Cyprus Mail

Britain and Ireland try to resume N.Irish crisis talks (Updated)

Gerry Adams, Bobby Storey, Martin McGuinness, Mary Lou McDonald and Jennifer McCann attend a news conference held in the Roddy McCorley social club in West Belfast

Britain and Ireland will resume efforts to kickstart crisis talks between Northern Ireland’s Catholic nationalist and Protestant unionist parties on Wednesday to try and save the British province’s power-sharing government.

Northern Ireland’s devolved administration is on the brink of collapse after a murder linked to former members of the paramilitary Irish Republican Army (IRA) prompted its first minister, Peter Robinson, to step aside.

Robinson’s Democratic Unionist Party (DUP), the main pro-British party, will not commit to the negotiations until it is satisfied they will deal with paramilitary activities linked to Sinn Fein, their nationalist partner in government, who were formerly the political wing of the IRA.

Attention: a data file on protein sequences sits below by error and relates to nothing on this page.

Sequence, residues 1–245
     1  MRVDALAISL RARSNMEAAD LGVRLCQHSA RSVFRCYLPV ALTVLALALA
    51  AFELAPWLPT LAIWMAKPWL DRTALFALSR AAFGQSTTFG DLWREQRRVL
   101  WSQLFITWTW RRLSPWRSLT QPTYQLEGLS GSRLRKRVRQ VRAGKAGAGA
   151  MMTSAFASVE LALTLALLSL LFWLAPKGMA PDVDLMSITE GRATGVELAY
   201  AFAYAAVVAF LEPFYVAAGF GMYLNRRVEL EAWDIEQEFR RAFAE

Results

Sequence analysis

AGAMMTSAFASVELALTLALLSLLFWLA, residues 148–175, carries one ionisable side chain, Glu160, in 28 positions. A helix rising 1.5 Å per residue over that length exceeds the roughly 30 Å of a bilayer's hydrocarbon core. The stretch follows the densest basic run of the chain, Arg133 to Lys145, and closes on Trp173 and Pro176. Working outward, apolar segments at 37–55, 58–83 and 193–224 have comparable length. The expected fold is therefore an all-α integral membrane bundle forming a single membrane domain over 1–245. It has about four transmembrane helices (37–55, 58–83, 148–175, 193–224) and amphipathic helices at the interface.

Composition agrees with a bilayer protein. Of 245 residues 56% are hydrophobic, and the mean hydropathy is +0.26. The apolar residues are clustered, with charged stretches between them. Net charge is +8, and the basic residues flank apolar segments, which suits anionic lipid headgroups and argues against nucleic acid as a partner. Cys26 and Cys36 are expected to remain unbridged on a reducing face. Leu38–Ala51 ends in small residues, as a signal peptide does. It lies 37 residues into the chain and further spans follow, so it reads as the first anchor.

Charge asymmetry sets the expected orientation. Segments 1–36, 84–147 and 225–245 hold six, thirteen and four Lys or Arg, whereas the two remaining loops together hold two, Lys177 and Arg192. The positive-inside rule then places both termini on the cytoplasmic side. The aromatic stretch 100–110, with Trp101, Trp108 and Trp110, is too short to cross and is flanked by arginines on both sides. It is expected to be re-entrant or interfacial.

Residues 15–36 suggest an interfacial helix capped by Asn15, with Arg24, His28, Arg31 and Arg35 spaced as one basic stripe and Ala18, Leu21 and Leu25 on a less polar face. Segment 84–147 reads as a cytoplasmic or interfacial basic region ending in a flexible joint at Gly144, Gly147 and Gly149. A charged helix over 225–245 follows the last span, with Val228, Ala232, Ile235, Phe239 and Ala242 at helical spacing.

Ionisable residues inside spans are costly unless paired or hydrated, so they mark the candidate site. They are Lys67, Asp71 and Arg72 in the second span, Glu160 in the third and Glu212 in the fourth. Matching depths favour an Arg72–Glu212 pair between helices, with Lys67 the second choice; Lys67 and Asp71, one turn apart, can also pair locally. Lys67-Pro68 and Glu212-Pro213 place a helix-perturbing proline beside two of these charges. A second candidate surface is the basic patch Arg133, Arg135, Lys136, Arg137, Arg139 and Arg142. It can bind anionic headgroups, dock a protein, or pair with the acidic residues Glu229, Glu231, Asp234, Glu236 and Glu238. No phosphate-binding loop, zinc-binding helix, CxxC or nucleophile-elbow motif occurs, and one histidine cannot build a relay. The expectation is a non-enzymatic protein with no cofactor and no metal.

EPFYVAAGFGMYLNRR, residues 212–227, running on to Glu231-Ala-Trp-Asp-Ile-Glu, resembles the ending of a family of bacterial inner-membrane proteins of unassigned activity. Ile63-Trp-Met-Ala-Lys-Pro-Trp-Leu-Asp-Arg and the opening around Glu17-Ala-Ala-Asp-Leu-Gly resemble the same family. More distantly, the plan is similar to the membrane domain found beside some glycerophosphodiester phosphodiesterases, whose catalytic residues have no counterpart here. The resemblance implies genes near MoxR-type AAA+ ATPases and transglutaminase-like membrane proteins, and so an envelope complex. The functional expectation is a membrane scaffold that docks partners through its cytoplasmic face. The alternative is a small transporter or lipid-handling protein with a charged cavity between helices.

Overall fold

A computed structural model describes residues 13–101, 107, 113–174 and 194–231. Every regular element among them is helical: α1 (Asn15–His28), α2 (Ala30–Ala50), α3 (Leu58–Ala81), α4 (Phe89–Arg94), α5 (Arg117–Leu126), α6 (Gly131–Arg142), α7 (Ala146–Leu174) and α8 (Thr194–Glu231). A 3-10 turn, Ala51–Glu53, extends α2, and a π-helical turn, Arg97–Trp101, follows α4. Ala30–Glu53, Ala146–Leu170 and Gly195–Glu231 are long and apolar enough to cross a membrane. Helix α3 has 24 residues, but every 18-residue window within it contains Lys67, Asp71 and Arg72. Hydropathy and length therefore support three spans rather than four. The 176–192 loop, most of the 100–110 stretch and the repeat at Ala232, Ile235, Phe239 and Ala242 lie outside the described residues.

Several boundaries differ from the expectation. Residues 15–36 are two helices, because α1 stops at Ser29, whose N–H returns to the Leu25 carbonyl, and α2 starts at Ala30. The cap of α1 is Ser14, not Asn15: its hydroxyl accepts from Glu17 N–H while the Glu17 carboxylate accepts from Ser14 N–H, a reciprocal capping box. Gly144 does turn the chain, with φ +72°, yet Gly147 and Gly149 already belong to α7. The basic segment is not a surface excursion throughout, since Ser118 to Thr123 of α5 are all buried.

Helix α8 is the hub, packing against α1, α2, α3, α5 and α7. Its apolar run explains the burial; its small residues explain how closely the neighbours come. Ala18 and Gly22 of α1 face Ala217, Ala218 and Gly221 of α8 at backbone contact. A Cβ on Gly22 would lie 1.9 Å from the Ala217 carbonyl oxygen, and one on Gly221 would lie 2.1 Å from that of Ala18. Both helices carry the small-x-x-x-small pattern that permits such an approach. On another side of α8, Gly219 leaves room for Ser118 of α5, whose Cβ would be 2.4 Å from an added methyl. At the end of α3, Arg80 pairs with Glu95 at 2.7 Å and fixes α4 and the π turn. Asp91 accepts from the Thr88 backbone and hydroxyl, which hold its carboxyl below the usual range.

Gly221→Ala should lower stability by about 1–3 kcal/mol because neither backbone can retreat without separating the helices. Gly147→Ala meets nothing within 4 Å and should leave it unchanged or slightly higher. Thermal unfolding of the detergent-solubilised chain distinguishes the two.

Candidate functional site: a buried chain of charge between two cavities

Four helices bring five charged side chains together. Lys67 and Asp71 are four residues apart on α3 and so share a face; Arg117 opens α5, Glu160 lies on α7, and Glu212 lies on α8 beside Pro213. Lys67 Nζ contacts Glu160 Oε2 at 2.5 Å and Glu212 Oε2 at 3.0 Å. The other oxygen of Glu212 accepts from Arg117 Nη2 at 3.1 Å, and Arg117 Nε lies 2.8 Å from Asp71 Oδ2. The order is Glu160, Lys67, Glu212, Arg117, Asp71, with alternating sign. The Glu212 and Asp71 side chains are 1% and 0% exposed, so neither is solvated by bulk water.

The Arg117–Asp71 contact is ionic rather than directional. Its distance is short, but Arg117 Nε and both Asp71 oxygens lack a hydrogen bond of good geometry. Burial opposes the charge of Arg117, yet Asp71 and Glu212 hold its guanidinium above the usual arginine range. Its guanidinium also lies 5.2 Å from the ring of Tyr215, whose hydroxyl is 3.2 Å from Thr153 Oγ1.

“We want to be in the talks process but the talks must take place on a basis where we feel that we can get a satisfactory outcome,” Robinson told reporters after a meeting with Northern Ireland secretary Theresa Villiers.

He said they had discussed a number of issues that the DUP thinks could help allow talks to begin but would await a speech by Villiers in Britain’s parliament on Tuesday before reaching a conclusion on participating.

The row has threatened to become the worst political crisis in the province since a 1998 peace deal ended three decades of violence between Catholic Irish nationalists and their Protestant rivals, in which 3,600 people were killed.

Sinn Fein says the IRA no longer exists, dismissing a police assessment that current and former members are still involved in criminal activity, and has said the party would not let the issue be a precondition of talks, which they say they will attend.

Villiers has said the IRA exists and that re-establishing an independent authority to look at the issue of disbanding paramilitary organisations was “one of the most credible ideas.”

Ireland’s foreign minister, Charlie Flanagan, said on Sunday that some form of independent monitoring is needed and that it was “not simply good enough for politicians to say we’re clean.”

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